By: Elisabeth French
Well-acclaimed novelist, journalist, and short-story writer, Jennifer Egan has done it again. Her new novel Manhattan Beach, published this October has already been long listed for the National Book Award. Egan magnifies her intelligence through her captivating and brilliant new novel. Egan has demonstrated her creativity and experimental nature most notably with her Pulitzer Prize-winning 2011 novel A Visit From the Goon Squad, in which one of the chapters is made up of PowerPoint slides. However, her most recent novel is more traditional, mainly taking place in New York during World War II, featuring a young woman named Anna.
Egan presents Anna’s personal life as disjointed. The novel jumps from Anna as an 11-year-old to a decade ahead where her father’s whereabouts are unknown. She becomes the sole provider for her mother and severely disabled sister. She works at the Brooklyn Naval Yard as part of the war effort. However, after watching the Navy’s divers, and an admiration for the ocean that she has had from a young age, she feels inclined to be a diver. Notably, Anna becomes the first female diver, the most threatening and selective of jobs, restoring ships to aid in the American victory. Anna exposes the rapidly developing role of a young woman in American society. One evening Anna meets Dexter Styles again, a man she met as a child while accompanying her father. Now the complexity of her father’s life starts to unravel, helping her to grasp the reasons he might have vanished.
Egan’s first historical novel highlights social climate, jumping from the early 1930s, to a decade later, where America had been profoundly transformed due to World War II. While these changes were largely industrial, the workforce inhibiting these roles had correspondingly faced drastic changes. With present day emphasis circulating the workplace environments focusing on women’s right and equality, Anna signifies the evolving social dynamic surrounding the war and the lasting effects it had on the roles of women in the workplace.
During the war, women played crucial roles both at home and in uniform. Women not only gave the men in their lives to the war effort, but also they gave their own time and energy. While men fought abroad, women worked in defense plants and volunteered at war-related organizations, all while handling their households. Particular to Anna’s work situation, was noted, “Newspapers weren’t allowed inside the Naval Yard for fear of damaging morale.” However, at the war’s end, many women were forced out of the workforce by men returning home and the decline in demand for war materials. While America required the help of women in times of crisis, the country proved unprepared for the necessary social equality for women in the workforce that would gradually come in decades succeeding.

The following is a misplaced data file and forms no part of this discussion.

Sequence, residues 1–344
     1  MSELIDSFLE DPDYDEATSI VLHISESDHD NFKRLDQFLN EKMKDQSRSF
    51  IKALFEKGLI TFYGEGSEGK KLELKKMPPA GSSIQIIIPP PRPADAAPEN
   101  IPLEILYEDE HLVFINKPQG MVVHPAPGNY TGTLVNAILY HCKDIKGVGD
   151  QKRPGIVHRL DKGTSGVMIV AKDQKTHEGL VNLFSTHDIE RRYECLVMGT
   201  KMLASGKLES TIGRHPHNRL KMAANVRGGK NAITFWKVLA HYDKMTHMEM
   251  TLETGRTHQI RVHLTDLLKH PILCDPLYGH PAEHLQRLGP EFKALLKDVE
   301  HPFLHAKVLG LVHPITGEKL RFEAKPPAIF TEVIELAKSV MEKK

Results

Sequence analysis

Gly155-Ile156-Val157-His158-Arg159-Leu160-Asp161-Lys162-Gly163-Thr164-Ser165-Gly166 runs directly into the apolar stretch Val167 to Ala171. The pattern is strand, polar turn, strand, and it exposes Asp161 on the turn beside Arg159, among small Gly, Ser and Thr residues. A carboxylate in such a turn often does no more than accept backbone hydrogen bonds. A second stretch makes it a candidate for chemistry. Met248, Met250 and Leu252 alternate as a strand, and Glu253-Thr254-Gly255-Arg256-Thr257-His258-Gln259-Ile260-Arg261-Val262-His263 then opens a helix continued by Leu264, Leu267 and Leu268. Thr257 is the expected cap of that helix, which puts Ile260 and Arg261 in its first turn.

Present day, Egan’s novel serves to represent the social inequalities which are long rooted in our history. The integration of experience derived from the social climate during World War II are flawless. While there has been distinguished improvements in the workforce since World War II, her character’s experience serves as a reminder that society should always be progressing—as her character witnesses and experiences the rapidly evolving role she must play in society while the country is thrown into war. Egan invites the reader to ponder upon the evolution of gender in the workplace.
Egan illuminates the pressures of being in the workforce for Anna through the relationship she has with her boss, Mr. Voss. Anna reveals, “He smiled, something she hadn’t seen before. It changed him, that smile, as if all the severity he displayed on the inspection floor were a hiding place from which this amiable man had just waved hello. Only his voice was the same.” Although there was a power distance between men and women in the workforce, Egan includes the emotional realm between a male boss and female employee. In doing so, she adds to the effectiveness of her delivery on the social construct in the workplace during this quickly evolving time period.
Even though Egan allows for an emotional realization about the character of Mr. Voss, Anna still has to oppress her emotions in the workplace. Egan adds while writing of Eddie Anna’s disappearance, “Had Anna felt any emotion at this disclosure, she would have concealed it.” Again, Anna’s role as a young woman in society proves to aligns with the expectations of women in the workplace.
Egan highlights social constructs surrounding World War II so effortlessly, relating to present-day issues and linking her characters through symbolism, such as the ocean. The prevalence of the ocean serves to connect Anna, her father, Eddie, and Styles. The ocean constantly appears throughout the novel with each character having intangible ties to the sight of the ocean. As intrinsically dangerous as the ocean might be, it represents the opposite landscape of the city, and delivers a promise of calmness and potential for new beginnings.